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COVID-19: New Graduates To Increase Teacher Shortage | Coronavirus

According to CEO Brian O’Leary, there were 114 vacancies at the Seven Oaks school branch as of Friday due to the pandemic, and was able to find replacements for only 71 of them.

Some high school classes have been canceled to provide supervision for younger students. We do our best to simply ensure that the class is observed.says Mr. O’Leary.

The school division has just recruited 150 graduates on full-time replacement contracts, and 40 will start working every day as soon as they are hired, the executive continues.

He believes this will help ease the quarantine pressure teachers must go through.

“We hope that the deficit we saw at the end of last week will not affect us in the same way as it did the rest of the year,” he says. I believe everyone in the system is losing steam.

As of Monday, Winnipeg’s school department has recruited 95 new graduates, as well as 85 more awaiting graduation, spokesman Radin Carter said.

They are added to 37 new hires since February, bringing the number of replacements in the school department to 1,335. Everything fully used, according to Ms. Carter.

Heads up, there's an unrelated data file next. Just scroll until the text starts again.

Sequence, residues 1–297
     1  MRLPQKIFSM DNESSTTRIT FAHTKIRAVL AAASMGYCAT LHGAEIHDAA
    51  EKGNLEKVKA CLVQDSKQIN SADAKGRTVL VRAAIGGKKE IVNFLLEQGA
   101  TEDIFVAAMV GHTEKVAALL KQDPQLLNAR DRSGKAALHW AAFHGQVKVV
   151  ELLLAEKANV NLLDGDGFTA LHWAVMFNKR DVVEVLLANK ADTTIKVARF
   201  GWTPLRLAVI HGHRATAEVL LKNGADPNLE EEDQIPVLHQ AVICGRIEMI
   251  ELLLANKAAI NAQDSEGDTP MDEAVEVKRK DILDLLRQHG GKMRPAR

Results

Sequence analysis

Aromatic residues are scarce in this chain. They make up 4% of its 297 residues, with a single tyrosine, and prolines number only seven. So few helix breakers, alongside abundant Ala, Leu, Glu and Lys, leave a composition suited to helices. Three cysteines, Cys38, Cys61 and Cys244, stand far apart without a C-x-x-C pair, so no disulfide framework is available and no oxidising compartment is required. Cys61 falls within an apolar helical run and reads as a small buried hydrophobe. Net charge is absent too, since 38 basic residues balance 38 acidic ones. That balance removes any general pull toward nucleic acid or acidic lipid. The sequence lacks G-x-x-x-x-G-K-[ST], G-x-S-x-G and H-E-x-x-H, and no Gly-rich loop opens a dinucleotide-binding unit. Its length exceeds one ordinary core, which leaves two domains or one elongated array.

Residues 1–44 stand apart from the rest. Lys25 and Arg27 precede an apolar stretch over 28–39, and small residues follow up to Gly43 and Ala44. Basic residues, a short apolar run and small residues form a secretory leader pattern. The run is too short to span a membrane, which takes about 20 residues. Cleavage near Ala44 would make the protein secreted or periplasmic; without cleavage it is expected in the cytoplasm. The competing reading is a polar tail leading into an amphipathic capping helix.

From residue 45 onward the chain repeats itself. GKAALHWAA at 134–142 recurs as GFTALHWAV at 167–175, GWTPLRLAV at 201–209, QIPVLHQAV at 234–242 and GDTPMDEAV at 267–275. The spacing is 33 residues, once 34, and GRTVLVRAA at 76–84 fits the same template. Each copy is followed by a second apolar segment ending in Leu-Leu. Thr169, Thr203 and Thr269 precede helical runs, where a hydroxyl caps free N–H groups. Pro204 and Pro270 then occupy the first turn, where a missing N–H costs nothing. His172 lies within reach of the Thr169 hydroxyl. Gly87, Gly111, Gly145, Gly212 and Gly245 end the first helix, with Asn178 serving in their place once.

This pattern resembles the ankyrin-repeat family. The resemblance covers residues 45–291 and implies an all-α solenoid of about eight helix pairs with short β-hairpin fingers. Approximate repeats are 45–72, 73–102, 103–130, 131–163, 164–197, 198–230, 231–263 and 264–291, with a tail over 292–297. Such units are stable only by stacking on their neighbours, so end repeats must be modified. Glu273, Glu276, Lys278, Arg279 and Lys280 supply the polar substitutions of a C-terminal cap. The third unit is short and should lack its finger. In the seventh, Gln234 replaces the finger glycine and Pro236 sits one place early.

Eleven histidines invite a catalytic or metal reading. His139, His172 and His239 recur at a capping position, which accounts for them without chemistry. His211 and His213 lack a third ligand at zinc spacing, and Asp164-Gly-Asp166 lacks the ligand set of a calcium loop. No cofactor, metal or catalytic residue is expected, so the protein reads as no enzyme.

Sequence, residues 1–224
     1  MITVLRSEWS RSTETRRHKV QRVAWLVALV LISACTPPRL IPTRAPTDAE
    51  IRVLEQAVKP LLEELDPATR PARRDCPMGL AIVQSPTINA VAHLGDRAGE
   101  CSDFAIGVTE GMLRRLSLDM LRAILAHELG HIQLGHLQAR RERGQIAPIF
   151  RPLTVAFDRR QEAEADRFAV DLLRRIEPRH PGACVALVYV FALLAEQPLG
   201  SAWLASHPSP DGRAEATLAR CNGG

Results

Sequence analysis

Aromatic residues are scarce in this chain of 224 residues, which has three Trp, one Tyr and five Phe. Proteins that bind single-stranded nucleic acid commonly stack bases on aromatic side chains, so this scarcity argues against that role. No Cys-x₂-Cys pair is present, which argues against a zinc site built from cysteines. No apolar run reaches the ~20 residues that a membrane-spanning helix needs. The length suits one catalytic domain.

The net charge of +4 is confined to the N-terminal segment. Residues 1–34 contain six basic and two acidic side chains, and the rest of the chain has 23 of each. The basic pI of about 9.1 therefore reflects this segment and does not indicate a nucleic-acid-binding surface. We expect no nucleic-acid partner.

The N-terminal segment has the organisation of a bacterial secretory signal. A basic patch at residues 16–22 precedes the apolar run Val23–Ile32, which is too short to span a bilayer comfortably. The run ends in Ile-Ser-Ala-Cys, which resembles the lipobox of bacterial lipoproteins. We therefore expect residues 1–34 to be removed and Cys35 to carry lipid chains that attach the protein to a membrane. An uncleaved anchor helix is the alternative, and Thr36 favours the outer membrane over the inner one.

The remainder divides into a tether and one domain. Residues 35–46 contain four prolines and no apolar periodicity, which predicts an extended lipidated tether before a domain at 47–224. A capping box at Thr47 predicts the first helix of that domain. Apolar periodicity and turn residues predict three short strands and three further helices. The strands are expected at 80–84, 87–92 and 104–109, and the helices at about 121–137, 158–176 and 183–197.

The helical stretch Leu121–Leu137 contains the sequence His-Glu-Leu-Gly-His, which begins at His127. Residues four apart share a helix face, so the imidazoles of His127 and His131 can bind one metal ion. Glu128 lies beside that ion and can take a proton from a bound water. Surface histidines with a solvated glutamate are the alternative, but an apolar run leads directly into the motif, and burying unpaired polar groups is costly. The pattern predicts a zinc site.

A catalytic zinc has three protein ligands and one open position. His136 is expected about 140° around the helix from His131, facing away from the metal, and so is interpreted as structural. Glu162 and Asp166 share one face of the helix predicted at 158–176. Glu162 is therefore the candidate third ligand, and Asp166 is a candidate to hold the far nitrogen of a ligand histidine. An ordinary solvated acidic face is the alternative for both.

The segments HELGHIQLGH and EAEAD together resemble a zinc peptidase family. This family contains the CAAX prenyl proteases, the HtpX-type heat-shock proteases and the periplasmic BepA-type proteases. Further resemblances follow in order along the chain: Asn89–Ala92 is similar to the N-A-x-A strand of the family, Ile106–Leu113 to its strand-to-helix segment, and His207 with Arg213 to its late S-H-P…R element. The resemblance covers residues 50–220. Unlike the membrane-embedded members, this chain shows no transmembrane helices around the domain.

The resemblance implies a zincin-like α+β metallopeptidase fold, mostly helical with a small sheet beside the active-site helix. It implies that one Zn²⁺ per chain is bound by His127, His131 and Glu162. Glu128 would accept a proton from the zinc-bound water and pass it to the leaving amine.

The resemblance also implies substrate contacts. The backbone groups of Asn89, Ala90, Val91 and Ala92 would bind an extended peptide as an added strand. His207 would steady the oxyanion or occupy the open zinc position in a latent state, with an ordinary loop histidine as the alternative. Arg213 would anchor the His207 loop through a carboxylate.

She notes that the number of vacancies has increased over the past two weeks and that recruits should help cope with these absences.

However, our employees who are in close contact [de personnes atteintes par la COVID-19] there is no longer a quarantine exclusion (from April 13) and this increases the need to replace or switch to distance learningshe continues.

Vaccinate teachers

As of April 28, the province has reported more than 400 COVID-19 cases among students and teachers.

However, Manitoba’s chief health officer, Brent Russen, says schools are safe and COVID-19 transmission is rare.

Last week, the provincial teachers’ union, the Manitoba Teachers Society, called for a shift to homeschooling in all Winnipeg schools.

Brian O’Leary wants schools to stay open. This is not a decision, this is not a quality education, and we just shift the burden, he said.

Rather, he advocates vaccinating all teachers. Manitoba Premier Brian Pallister said last week that he is developing a plan to vaccinate all teachers in North Dakota. More details will be published this week.

With information from Bryce Hoye

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